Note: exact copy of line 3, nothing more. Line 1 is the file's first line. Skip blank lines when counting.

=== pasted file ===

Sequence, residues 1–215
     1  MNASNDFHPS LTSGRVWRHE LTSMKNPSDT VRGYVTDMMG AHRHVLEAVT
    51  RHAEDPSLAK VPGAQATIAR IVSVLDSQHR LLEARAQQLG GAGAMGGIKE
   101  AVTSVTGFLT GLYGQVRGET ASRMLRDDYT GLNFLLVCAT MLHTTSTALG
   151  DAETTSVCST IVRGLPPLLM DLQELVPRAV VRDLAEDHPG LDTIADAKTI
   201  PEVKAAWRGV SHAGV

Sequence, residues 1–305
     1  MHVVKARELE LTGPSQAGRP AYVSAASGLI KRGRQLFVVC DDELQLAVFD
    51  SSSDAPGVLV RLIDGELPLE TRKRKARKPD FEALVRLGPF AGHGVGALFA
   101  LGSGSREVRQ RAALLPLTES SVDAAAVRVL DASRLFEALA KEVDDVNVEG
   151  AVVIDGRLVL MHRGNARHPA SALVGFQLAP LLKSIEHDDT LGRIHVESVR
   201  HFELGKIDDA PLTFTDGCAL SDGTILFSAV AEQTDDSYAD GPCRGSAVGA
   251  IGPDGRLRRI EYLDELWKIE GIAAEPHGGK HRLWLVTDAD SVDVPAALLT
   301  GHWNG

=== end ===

    51  RHAEDPSLAK VPGAQATIAR IVSVLDSQHR LLEARAQQLG GAGAMGGIKE